To Willink, Van Staphorst & Hubbard
Paris Aug. 3. 1789.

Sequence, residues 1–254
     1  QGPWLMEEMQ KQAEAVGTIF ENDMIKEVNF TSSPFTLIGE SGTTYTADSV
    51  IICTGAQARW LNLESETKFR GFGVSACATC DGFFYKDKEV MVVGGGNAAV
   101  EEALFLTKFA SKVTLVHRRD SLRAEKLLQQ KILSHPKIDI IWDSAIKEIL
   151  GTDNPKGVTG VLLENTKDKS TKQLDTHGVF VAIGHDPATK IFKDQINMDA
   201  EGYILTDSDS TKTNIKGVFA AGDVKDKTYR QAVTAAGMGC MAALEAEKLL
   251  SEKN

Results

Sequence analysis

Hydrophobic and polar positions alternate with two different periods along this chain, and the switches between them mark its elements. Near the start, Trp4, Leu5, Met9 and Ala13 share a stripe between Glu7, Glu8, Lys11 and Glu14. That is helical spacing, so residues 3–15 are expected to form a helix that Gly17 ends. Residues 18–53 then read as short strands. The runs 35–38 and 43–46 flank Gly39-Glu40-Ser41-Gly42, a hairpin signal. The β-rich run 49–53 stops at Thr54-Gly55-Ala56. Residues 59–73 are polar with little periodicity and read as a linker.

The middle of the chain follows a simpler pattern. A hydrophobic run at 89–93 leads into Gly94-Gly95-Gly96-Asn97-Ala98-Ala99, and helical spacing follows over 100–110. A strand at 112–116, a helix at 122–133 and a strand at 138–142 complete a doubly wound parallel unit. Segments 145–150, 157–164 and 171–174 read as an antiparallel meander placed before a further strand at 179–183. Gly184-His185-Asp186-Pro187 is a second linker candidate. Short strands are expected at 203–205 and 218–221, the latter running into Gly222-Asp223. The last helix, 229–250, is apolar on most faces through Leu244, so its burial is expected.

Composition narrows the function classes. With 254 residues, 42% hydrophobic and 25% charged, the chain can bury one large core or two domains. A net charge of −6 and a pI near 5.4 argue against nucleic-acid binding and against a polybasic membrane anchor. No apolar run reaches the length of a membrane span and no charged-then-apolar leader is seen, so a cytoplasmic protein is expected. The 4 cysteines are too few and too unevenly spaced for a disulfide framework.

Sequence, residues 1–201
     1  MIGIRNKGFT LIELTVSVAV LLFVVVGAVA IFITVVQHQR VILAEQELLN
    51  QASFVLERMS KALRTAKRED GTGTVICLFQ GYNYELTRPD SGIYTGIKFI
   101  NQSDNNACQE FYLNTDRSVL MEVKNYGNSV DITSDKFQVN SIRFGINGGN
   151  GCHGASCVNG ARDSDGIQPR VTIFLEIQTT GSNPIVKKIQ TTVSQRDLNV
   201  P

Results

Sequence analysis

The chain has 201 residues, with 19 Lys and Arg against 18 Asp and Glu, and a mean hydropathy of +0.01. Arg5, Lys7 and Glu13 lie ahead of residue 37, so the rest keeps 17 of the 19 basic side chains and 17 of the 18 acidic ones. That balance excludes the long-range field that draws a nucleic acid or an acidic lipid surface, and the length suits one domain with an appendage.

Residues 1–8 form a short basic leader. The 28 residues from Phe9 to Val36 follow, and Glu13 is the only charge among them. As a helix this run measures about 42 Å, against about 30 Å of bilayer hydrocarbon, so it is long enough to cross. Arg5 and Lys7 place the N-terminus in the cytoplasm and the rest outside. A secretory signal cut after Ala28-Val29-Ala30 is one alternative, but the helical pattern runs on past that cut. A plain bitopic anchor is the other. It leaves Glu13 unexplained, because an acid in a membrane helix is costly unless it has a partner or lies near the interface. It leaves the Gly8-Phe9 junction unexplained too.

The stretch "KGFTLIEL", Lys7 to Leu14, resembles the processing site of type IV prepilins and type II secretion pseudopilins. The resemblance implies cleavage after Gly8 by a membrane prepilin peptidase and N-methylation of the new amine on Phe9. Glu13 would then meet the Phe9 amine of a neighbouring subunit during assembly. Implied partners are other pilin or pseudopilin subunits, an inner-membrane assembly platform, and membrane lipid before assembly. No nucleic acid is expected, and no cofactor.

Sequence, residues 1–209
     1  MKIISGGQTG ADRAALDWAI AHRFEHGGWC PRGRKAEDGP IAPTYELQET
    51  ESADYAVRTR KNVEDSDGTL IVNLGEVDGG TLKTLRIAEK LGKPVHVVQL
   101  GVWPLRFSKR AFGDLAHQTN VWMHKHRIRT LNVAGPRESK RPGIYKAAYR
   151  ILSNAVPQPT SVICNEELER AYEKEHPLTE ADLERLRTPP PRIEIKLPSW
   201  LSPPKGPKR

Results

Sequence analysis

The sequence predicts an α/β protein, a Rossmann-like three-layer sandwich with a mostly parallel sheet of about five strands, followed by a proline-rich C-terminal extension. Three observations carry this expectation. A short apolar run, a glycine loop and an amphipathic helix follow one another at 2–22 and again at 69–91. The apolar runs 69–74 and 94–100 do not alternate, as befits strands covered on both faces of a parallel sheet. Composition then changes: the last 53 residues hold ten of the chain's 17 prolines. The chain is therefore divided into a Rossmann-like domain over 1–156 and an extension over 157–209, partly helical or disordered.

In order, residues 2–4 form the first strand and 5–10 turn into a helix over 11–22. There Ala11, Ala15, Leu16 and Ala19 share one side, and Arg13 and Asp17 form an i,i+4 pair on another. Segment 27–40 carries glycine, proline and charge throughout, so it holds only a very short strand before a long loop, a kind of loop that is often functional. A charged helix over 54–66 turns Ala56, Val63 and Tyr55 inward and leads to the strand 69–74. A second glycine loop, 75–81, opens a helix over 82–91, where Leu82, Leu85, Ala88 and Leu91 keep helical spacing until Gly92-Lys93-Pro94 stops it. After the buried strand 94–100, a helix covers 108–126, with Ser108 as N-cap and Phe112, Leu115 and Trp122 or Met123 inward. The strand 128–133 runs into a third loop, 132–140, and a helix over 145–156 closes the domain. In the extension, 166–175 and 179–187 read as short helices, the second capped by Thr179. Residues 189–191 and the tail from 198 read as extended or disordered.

I received with pleasure your favor of the 27th. July and immediately took measures for beginning the particular business confided to me by Congress, and for which the sum of 30,000 florins is destined. Within about three weeks I shall be possessed of such information as will enable me to decide on the disposal of the money. In the mean time you will be pleased to keep it in your hands.—With respect to that destined for the foreign officers I must observe to you that when I was going to Holland the last year, I asked of Mr. Grand the annual amount of the interest paiable to them. He gave it to me in a note, which I still have, stated at 45,653-11–6, at which sum you will see it stated in the estimate we left with you. On receiving your letter of July 27. I sent to Mr. Grand’s office for an exact state of the arrears now paiable. In this I found the interest amounted to upwards of 60,000 livres a year. I called there to have an explanation of this, and found that a new list of the Officers and sums received from the Treasury office had inserted several others which were not in the list formerly possessed by Mr. Grand, so that the sum paiable according to this new list is about 254,000 livres, instead of 82,240 florins as our estimate had made it, making a difference of upwards of 30,000 florins. As in your letter where you say that the funds for effecting the object of the foreign officers are at my disposal, you could have in view only the sum stated in the estimate, I have thought it necessary previously to inform you of this difference: and to give no order on the subject till the progress of the loan shall have enabled you to furnish the whole sum of 254,000 livres. Whenever that shall be the case, you will be so good as to remit it in good paper, which I understand will be more advantageous to the U.S. than for me to draw on Amsterdam. Mr. Grand will discount the paper, so that the officers need prove no delay. The money heretofore remitted having fulfilled my engagements for the medals, as far as those engagements have gone, I will let that object rest till the arrears of the officers shall be discharged.—Not having yet received my permission to go to America, I shall not avail myself of it, when it arrives, till after the equinox, the season between now and then being unfavorable at sea. This delay will I hope enable me to see the objects now under our view either completed, or in a sure train of completion. I have the honor to be with great esteem Gentlemen Your most obedt. humble servt,